Race and British Colonialism in Southeast Asia, 1770-1870: John Crawfurd and the Politics of Equality

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Routledge, Oct 14, 2016 - History - 278 pages

The idea of "race" played an increasing role in nineteenth-century British colonial thought. For most of the nineteenth century, John Crawfurd towered over British colonial policy in South-East Asia, being not only a colonial administrator, journalist and professional lobbyist, but also one of the key racial theorists in the British Empire. He approached colonialism as a radical liberal, proposing universal voting for all races in British colonies and believing all races should have equal legal rights. Yet at the same time, he also believed that races represented distinct species of people, who were unrelated. This book charts the development of Crawfurd’s ideas, from the brief but dramatic period of British rule in Java, to his political campaigns against James Brooke and British rule in Borneo. Central to Crawfurd’s political battles were the debates he had with his contemporaries, such as Stamford Raffles and William Marsden, over the importance of race and his broader challenge to universal ideas of history, which questioned the racial unity of humanity. The book taps into little explored manuscripts, newspapers and writings to uncover the complexity of a leading nineteenth-century political and racial thinker whose actions and ideas provide a new view of British liberal, colonial and racial thought.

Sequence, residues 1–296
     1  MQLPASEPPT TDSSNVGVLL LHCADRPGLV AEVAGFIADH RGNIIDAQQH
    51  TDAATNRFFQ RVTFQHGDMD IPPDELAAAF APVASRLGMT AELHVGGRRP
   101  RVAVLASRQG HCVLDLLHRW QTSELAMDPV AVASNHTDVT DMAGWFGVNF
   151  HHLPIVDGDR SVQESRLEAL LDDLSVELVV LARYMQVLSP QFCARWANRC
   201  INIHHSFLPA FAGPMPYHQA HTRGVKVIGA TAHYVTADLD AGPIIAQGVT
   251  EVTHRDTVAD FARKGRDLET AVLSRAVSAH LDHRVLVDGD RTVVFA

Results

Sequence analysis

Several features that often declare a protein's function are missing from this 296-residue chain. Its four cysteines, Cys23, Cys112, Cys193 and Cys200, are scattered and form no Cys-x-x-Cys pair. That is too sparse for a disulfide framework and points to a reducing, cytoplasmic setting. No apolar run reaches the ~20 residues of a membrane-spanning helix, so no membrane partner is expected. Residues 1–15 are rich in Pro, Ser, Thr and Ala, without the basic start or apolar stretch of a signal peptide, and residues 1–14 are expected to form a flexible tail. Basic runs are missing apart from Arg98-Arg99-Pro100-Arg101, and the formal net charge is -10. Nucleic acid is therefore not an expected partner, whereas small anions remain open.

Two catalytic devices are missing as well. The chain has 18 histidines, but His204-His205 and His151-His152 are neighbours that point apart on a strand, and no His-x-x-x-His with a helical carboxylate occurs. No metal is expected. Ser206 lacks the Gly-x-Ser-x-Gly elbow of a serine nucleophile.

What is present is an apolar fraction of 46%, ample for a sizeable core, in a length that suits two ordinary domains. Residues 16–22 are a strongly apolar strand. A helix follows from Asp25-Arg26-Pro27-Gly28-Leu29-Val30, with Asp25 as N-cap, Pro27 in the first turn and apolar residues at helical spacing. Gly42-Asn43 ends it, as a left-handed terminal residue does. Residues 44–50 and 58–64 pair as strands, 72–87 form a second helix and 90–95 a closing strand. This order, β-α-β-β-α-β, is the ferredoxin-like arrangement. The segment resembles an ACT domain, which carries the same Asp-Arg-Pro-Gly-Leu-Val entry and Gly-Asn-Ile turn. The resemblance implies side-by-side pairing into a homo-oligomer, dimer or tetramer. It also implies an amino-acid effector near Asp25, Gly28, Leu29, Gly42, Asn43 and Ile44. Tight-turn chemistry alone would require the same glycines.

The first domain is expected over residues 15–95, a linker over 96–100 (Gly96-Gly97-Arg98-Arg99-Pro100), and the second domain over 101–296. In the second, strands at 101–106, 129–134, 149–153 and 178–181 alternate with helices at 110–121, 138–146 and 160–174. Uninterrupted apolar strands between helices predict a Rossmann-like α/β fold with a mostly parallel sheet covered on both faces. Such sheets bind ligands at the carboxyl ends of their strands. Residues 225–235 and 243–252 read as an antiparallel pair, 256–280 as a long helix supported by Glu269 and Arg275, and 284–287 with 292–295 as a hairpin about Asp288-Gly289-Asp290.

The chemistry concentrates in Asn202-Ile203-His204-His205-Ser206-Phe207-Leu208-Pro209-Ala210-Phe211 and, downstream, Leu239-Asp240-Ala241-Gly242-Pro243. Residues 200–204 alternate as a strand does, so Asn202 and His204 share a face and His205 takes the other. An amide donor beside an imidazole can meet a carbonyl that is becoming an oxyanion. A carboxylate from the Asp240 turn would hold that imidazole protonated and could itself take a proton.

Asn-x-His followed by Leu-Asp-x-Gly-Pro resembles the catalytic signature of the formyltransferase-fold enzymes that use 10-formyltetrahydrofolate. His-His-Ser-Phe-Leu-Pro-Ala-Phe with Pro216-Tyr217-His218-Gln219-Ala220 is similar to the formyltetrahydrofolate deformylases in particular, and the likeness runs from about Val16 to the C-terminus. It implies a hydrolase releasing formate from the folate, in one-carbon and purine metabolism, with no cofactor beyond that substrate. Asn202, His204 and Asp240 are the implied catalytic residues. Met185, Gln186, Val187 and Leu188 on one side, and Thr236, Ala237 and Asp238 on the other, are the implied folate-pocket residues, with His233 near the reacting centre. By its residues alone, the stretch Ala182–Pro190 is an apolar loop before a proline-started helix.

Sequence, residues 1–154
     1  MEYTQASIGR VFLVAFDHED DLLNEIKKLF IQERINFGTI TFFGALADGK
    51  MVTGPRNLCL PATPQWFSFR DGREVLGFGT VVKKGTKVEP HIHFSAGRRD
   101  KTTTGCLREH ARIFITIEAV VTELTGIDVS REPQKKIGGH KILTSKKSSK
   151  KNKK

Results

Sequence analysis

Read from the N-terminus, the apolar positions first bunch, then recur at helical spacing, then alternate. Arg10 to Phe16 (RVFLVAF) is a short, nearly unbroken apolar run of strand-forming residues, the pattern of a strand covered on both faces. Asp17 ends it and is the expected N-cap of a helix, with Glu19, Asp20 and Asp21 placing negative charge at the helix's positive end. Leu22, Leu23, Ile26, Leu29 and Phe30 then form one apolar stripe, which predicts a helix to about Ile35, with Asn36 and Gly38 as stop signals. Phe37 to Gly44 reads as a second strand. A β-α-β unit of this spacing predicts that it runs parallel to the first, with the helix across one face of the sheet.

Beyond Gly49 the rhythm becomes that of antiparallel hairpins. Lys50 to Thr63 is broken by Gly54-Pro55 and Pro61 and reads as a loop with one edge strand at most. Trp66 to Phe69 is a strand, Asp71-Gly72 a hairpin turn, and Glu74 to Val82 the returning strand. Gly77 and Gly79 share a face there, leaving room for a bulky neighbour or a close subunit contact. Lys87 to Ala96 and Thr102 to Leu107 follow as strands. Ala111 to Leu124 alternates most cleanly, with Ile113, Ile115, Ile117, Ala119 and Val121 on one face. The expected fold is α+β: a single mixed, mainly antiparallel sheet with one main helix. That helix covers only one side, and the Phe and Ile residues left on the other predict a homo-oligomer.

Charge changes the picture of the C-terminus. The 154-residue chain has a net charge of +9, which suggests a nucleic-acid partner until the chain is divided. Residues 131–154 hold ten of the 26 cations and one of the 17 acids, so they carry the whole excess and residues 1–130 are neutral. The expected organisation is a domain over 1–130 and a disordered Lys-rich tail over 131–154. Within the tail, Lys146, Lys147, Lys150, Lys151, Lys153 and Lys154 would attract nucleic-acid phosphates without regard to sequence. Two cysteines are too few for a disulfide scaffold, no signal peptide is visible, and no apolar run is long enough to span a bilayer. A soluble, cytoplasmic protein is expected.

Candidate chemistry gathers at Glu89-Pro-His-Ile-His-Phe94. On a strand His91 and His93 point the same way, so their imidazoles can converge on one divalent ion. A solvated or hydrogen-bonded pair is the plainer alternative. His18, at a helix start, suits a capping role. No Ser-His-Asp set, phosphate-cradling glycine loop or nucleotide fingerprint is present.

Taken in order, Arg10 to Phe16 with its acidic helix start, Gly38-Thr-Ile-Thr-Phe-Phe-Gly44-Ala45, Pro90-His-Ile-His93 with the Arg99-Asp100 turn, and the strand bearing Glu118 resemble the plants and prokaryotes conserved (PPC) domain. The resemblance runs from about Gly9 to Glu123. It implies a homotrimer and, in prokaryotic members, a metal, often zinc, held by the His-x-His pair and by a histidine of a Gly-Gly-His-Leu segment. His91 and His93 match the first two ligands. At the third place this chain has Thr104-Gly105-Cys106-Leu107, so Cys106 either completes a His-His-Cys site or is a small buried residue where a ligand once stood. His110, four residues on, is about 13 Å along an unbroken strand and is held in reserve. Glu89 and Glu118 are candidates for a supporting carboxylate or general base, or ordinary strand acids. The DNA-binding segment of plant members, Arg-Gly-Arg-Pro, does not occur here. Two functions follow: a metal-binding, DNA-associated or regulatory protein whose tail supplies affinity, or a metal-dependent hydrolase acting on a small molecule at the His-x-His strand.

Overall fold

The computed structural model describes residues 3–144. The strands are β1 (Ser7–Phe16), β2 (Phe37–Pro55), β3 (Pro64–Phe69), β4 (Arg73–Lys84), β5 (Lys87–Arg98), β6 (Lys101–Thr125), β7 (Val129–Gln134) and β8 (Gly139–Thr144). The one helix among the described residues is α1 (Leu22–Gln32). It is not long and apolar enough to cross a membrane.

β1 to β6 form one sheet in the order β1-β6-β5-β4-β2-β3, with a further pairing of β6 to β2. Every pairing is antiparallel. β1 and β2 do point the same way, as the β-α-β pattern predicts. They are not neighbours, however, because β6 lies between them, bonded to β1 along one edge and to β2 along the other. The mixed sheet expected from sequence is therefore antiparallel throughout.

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Contents

List of Figures
1wwThe East India Companys Scottish Critic of Empire in Asia
3wwSearching for the Aboriginal PreHistory of the Savage
4wwRace and the Natural History of the Savage
5wwSingapore and Competing Visions of Colonialism
6wwProtecting and Civilising Savages in Sarawak
7wwResisting Colonialism in Sarawak
8wwCivilisation the Savage and Equality
Conclusion
Identifying John Crawfurds Writings in
Bibliography
Index

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About the author (2016)

Gareth Knapman is a researcher at the Australian National University.

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